The government risks failing to deliver net zero

Boris Johnson and his ministers have been issued a stark warning, writes Saphora Smith

Wednesday 29 June 2022 18:27 BST
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Climate campaigners have been calling for an energy efficiency push for years. (Philip Toscano/PA)
Climate campaigners have been calling for an energy efficiency push for years. (Philip Toscano/PA) (PA Wire)

It does not look good. A damning new report by the government’s own advisers has found that it is failing to deliver policies to decarbonise the UK’s economy and meet its crucial net zero target.

“Across the board there are serious gaps,” Climate Change Chairman, Lord Deben, said in a briefing on the government’s progress toward net zero on Wednesday. “Under the present proposals we don’t believe that you can reach the statutory, the legal, targets which we need to reach.”

The committee, which was set up under the 2008 Climate Change Act to advise and monitor the UK’s climate targets, found that while there had been progress on some plans, such as the deployment of renewable electricity and electric cars, in most areas the likelihood of under-delivery remained high.

One “shocking” policy gap highlighted by the report is how to help people insulate their homes. The UK has the least energy efficient housing stock in Europe, and installations of insulation remain at rock bottom, according to the committee. This drives up the cost of energy bills at a time when they are already eye-wateringly high thanks to higher demand as economies emerge from the Covid-19 pandemic and Russia’s invasion of Ukraine.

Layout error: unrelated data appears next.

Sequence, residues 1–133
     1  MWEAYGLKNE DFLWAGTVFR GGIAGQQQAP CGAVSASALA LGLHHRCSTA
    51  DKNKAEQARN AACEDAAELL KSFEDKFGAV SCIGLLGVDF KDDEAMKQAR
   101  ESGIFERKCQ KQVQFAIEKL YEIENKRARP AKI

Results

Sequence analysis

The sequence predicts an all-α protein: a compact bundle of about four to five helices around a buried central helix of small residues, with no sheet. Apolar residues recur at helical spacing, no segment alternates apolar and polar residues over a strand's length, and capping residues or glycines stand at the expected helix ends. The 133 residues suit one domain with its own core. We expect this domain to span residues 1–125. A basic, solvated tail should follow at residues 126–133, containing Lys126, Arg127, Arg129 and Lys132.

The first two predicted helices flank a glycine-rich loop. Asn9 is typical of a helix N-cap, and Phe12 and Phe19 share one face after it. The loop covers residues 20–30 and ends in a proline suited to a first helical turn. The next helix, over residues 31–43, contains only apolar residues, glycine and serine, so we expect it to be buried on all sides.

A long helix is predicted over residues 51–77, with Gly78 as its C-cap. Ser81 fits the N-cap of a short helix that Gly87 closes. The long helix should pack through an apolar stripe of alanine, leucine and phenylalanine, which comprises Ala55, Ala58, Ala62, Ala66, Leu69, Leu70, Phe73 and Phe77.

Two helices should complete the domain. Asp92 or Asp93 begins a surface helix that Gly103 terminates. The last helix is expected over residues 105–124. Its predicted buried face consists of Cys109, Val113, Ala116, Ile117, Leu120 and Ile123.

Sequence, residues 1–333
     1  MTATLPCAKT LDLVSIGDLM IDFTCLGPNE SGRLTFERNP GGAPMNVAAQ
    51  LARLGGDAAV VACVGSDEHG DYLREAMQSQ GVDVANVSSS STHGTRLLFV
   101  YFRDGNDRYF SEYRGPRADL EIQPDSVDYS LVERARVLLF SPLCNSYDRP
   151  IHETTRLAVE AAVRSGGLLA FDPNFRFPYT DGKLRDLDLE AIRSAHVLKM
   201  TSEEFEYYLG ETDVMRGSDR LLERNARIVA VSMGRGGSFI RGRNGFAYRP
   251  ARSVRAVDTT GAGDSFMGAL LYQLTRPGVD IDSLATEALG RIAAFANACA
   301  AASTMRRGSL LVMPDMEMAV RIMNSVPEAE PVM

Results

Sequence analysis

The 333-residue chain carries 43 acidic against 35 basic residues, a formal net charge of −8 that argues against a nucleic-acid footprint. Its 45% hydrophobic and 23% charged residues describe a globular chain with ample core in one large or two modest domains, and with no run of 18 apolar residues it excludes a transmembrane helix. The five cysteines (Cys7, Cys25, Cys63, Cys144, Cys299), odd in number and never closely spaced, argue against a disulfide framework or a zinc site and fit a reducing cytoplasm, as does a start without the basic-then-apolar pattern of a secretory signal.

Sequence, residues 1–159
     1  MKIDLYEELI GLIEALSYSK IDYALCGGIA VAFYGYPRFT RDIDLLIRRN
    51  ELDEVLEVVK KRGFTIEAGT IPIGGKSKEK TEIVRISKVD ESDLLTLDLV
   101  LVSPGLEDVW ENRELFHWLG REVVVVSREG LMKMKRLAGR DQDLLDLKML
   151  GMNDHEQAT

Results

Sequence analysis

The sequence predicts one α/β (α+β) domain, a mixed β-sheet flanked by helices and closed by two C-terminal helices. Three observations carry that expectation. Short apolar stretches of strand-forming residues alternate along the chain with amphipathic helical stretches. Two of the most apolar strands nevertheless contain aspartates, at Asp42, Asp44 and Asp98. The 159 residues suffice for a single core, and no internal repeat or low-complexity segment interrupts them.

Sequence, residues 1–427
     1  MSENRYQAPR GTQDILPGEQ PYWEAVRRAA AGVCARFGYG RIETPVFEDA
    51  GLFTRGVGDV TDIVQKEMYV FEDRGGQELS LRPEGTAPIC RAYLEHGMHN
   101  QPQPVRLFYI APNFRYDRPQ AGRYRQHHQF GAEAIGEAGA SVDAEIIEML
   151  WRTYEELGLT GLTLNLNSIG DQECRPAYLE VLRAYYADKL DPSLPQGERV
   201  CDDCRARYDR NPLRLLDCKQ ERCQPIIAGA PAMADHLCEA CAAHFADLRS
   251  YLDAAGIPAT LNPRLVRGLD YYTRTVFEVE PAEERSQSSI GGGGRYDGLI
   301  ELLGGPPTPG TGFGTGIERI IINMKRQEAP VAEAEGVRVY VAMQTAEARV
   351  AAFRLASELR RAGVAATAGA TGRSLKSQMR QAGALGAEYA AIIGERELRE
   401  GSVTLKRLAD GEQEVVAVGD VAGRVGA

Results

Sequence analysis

In fact, the average annual energy bill for UK households is around £40 higher than if insulation rates from pre-2012 had continued for the last decade, the committee said. Our leaky homes also mean we emit a huge amount of carbon to heat our homes - not good if the country wants to reach net zero.

The committee said new future homes standards need to be introduced that insist upon developers building better insulated homes so they don’t have to be retrofitted. Lord Deben, a former environment secretary, said a million and a half homes built over the past five years or so need to be retrofitted. “It is a scandal,” he said.

The committee also described progress in reducing farming emissions as “glacial.” The government said it was introducing farming schemes, including the new environmental land management schemes, which will help achieve net zero.

A government spokesperson said it was “leading the world on climate change.”

“The UK is forging ahead of most other countries with around 40 per cent of our power now coming from cleaner and cheaper renewables,” the spokesperson said. “The Glasgow Climate Pact has focused the eyes of the world on bolstering action, including getting 190 countries to agree to phasing out coal.”

In summary, Lord Deben said the government has the “right aims” and is “determined to do the right things.” But that it wouldn’t be “believable” unless it “stands by its word” and has a programme which “manifestly” delivers its legal commitments nationally and those it has made internationally.

It is up to the government to make sure that happens.

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